Appeals court rules Notre Dame police subject to APRA

The Indiana Court of Appeals ruled Tuesday the University of Notre Dame Police Department is a public agency under the Indiana Access to Public Records Act and is subject to APRA requests, overturning a trial court decision in St. Joseph Superior Court.

The COA remanded the case to the lower court, ordering it find in favor of ESPN. The COA said the trial court must determine which records the police department was required to produce under APRA and produce only those records, not all of the public documents ESPN sought.

ESPN investigative reporter Paula Levigne filed a request for public incident reports in Sept. 2014, but the ND police department denied the request, saying it was not a public law agency. After two decisions by Indiana’s Public Access Counselor which said Notre Dame should produce the documents, ESPN filed a complaint in St. Joseph Superior Court. Both parties filed cross motions for judgment and on April 20, granted judgment in the police department’s favor, saying it was not a public agency. ESPN appealed.

The COA said that all of Notre Dame is not a public agency, but its police department is. It cited an Ohio Supreme Court decision that said a private entity is only considered a public agency when it performs a government function, which Notre Dame does not as a university, even though its police department does.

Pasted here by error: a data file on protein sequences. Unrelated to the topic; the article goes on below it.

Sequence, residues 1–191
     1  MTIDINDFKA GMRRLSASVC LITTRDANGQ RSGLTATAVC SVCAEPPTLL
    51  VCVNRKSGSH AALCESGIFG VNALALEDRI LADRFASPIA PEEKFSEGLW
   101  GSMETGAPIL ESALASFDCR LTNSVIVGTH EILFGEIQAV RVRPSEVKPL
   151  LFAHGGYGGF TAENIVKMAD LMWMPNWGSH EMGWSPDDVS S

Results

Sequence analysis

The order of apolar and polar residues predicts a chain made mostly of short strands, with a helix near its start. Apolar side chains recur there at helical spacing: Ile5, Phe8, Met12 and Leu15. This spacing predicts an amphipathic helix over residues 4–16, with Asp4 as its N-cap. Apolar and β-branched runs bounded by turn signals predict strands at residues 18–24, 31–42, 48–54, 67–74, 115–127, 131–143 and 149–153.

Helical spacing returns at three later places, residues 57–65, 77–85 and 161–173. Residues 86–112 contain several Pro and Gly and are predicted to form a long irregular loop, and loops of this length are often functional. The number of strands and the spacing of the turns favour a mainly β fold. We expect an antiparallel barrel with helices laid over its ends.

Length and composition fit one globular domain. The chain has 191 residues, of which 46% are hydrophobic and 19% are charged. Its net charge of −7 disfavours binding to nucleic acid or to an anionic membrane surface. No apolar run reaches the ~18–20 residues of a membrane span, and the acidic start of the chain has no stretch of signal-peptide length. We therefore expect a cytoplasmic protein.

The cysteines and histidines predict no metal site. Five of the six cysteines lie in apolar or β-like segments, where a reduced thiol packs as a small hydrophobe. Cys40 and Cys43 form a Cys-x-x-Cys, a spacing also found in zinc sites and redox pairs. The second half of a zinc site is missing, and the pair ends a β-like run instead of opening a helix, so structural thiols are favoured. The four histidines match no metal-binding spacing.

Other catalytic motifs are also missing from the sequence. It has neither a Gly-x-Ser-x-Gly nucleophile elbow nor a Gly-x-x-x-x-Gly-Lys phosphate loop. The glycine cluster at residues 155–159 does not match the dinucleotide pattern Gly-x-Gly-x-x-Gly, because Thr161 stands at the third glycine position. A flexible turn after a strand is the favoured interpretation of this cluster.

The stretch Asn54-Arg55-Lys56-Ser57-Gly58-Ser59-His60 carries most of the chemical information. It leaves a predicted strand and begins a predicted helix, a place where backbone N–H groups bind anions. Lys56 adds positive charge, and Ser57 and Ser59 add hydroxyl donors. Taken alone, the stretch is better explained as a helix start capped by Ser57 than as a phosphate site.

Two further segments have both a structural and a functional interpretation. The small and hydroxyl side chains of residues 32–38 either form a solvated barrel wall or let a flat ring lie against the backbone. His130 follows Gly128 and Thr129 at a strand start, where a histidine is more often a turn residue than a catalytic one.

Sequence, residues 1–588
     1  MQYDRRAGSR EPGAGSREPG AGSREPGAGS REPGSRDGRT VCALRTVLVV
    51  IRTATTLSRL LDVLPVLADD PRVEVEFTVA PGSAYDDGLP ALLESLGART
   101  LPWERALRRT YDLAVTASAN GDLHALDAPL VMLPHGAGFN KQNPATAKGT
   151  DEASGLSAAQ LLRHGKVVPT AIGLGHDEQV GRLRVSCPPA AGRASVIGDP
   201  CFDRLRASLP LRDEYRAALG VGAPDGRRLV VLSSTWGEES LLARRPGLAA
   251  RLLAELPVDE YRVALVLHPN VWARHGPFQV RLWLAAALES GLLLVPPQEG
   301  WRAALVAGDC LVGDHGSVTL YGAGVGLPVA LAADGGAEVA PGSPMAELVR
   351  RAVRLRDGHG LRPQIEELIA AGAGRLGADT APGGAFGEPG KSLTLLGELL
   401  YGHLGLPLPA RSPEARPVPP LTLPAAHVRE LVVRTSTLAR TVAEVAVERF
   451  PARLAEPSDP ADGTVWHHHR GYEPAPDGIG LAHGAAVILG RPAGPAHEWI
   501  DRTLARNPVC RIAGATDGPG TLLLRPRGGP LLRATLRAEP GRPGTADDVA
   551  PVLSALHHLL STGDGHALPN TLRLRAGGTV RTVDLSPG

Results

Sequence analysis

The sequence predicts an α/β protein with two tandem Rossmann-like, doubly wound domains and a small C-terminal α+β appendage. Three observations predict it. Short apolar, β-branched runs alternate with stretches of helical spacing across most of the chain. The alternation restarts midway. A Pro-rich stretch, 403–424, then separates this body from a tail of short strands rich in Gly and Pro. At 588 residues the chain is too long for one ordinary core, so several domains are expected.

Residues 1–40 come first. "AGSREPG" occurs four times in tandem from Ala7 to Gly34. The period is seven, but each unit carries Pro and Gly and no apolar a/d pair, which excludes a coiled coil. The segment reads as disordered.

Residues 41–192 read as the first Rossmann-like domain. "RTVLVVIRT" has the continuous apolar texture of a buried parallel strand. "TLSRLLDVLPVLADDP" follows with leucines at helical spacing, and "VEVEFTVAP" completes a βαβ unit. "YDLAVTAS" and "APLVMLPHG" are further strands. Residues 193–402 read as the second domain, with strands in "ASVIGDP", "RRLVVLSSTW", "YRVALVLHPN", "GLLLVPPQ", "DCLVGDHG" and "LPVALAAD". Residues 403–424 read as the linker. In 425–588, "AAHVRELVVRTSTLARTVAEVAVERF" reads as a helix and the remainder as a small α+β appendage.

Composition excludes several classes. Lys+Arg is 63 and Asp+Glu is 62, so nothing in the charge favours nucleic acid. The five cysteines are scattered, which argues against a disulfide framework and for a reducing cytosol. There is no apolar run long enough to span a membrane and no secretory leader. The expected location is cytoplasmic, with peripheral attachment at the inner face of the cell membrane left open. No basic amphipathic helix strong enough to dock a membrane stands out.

“Here it is clear that the police department is exercising a public function,” Judge Rudolph R. Pyle wrote for the COA. “Police power is a sovereign power. Even though the Police Department is not a governmental entity, the State has delegated its officers these (g)eneral police powers, including ‘the power to arrest, without process, all persons who commit any offense within the view of the officer (s).” Pyle cited Indiana Code 21-17-5-4 (a) in his writing.  

However, how much precedence and effect the case will have is still in question since the Indiana Legislature recently passed a bill that would put into state law federal requirements of private college crime reporting, which is limited compared to other police departments.

During arguments Feb. 24, ESPN argued public policy, legislative intent and precedent in Indiana and other states favored a decision in favor of the company. Notre Dame said because it is a private institution, its records are its own and worried what the effects of a decision saying otherwise would mean not only for itself, but for other private institutions.

ESPN also challenged the trial court’s decision that its claim should be blocked by legislative acquiescence. The COA said legislative acquiescence shouldn’t exist because the public access counselors’ decisions have existed for just over a decade, which is not enough time to determine whether the legislature has acquiesced to the determination or not.

The case is ESPN, Inc. and Paula Lavigne v. University of Notre Dame Security Police Dept., a Dept. of the University of Notre Dame du Lac, 71A05-1505-MI-381.

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